Betsy Bowling, Region III Programs Director at CATCH
“We all have one person in our life that reminds us of Santa. For me, that person is Charles. One of the warmest people I knew who brought the warmth of the holiday season year-round.
As one of our “regulars” at the Salvation Army kitchen and shelter in Nampa, Charles and I forged a real bond. Despite being one of the hardest workers I knew, he simply could not afford housing.
During my time at the Salvation Army I believed in the philosophy that if you wanted housing, you would get clean and get a job first. When I started working at a domestic violence shelter, I was confronted with the reality of trauma and began to understand that our Salvation Army clients, who were fighting for survival, were met with another hurdle in return for shelter.
Today, after ten years in the housing sector, I am the Region 3 Programs Director at CATCH. It’s my responsibility to coordinate the housing efforts throughout Canyon County through Access Point and CATCH’s Rapid rehousing program, Taking Root.
In Canyon County, COVID funding has run dry and there is only one Domestic Violence shelter, one emergency shelter with 60 beds, and one family shelter with 56 beds – a grand total of 116 beds. In 2023 in Canyon County alone, we worked with 165 families.
The people experiencing homelessness in our communities are Idahoans who’ve lived here their whole lives and suddenly can’t afford to pay rent and the bottom line is there is no affordable housing and nowhere to send people who come to us asking for support.
It’s not that families want to be on the streets, it’s that they don’t have the resources to get off the streets. And while homelessness is less visible here than Ada County, it’s here, whether you choose to focus on it or not. It’s the people you go to church with, the people you’re saying hi to at the grocery store, the student who sits next to your own child in class.
The support for people experiencing homelessness is often as complex as the reasons for homelessness: shelters are often high-barrier, programs have unattainable entry requirements, and families are often separated. It’s not uncommon for someone to start a program and realize that they are unable to meet the demands due to their lack of safe shelter and support. However well-intentioned programs may be, they often cannot afford to stick around when it becomes difficult.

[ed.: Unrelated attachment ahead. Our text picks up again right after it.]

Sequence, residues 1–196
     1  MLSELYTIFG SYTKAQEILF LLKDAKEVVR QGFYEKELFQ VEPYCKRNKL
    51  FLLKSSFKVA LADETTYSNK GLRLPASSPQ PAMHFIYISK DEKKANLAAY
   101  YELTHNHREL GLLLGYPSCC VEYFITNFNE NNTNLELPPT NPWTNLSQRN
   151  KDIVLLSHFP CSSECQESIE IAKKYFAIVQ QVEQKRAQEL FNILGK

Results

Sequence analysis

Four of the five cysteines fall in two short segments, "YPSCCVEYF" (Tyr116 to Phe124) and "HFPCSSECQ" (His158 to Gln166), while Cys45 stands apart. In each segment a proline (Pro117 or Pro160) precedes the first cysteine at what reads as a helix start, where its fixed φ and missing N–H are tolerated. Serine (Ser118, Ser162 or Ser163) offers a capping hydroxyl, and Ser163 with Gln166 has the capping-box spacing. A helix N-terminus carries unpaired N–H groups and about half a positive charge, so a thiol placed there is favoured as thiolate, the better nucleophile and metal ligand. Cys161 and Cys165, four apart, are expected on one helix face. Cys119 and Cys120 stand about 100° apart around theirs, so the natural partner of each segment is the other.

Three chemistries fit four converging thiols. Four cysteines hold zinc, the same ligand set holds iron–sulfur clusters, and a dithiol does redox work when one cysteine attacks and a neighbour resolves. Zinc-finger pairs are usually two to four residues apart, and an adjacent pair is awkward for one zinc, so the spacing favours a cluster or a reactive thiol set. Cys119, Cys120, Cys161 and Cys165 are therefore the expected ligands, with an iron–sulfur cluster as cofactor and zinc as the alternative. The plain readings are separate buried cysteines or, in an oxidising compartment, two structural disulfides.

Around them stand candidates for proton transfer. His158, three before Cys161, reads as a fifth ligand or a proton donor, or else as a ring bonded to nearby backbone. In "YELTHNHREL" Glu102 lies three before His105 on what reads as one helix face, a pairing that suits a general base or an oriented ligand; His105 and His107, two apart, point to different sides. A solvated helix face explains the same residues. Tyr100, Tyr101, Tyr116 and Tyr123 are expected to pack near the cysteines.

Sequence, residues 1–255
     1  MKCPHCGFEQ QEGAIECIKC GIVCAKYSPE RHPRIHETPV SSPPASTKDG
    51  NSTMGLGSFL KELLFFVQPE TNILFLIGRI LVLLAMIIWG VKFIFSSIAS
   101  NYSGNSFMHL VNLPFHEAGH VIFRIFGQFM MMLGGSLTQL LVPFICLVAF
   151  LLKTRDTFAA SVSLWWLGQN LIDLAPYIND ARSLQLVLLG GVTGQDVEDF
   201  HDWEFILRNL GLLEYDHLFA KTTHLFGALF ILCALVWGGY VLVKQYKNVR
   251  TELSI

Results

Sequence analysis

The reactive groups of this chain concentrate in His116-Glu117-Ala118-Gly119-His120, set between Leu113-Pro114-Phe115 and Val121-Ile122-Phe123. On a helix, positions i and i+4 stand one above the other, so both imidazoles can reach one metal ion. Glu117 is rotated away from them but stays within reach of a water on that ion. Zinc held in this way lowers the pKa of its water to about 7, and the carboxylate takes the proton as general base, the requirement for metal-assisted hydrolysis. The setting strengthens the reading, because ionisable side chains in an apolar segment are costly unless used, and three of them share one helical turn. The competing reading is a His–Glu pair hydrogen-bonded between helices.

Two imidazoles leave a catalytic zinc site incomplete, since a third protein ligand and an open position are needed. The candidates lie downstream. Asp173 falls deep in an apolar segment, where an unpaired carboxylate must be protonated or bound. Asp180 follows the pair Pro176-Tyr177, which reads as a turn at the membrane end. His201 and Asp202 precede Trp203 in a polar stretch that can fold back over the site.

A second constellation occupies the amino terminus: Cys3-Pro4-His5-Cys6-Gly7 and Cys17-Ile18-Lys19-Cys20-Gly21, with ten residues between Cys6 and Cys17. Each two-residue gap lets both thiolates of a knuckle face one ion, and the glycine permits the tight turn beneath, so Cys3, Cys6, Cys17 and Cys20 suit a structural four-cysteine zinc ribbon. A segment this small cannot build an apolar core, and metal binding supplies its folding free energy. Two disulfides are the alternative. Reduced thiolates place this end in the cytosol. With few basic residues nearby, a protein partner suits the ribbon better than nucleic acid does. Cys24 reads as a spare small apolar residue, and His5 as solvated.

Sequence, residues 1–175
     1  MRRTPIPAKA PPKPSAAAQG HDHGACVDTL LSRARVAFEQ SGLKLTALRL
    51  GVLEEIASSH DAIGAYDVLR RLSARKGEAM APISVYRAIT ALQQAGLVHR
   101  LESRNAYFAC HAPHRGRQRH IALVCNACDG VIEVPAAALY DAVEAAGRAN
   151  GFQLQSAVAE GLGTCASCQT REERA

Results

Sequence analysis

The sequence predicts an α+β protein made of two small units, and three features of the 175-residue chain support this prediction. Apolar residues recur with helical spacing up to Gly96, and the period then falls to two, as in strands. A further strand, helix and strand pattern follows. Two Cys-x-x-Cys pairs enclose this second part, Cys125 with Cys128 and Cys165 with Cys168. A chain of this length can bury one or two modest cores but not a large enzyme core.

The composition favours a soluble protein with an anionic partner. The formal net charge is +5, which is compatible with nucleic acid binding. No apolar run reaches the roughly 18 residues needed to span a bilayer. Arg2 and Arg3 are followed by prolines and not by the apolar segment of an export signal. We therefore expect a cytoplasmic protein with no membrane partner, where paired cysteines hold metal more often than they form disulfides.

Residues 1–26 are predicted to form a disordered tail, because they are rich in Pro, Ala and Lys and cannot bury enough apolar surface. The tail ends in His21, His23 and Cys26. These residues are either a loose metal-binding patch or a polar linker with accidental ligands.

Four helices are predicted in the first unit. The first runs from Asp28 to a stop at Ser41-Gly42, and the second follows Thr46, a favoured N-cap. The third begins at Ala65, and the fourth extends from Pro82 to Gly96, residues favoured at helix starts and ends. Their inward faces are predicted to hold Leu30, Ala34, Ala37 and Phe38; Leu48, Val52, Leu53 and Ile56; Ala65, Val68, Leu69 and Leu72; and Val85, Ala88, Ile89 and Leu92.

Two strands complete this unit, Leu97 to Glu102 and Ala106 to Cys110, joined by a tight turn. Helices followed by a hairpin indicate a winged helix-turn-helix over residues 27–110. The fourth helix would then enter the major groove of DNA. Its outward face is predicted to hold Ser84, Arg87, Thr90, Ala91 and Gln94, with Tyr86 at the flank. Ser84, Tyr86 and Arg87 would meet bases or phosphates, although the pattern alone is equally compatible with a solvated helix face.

And this is where organizations like CATCH are unique – offering not just short term support, but real, lasting change for our communities. CATCH understands that there will be times when we are frustrated and our clients are frustrated with us, but we stick around. We see the complexity of humanity because we see complexity in ourselves.
A few years back, I caught up with a colleague who worked with some of my old clients and couldn’t help but ask about Charles.
“He died,” she said.
This man so full of life despite his situation died on a public bench, alone. No one should have to die outside because they can’t get housing, no one is a bad enough person that they deserve to die without the support they need. It had been years since I had worked there and yet his life still impacted me.
As the holidays get closer I can’t help but think about Charles, the person who most resembled Santa in my life. There’s no happy ending, only a plea: homelessness is here. Homelessness is often out of people’s control, it’s complex and messy. But we can end it.
This Op-Ed was published on December 30, 2023 in Idaho Press.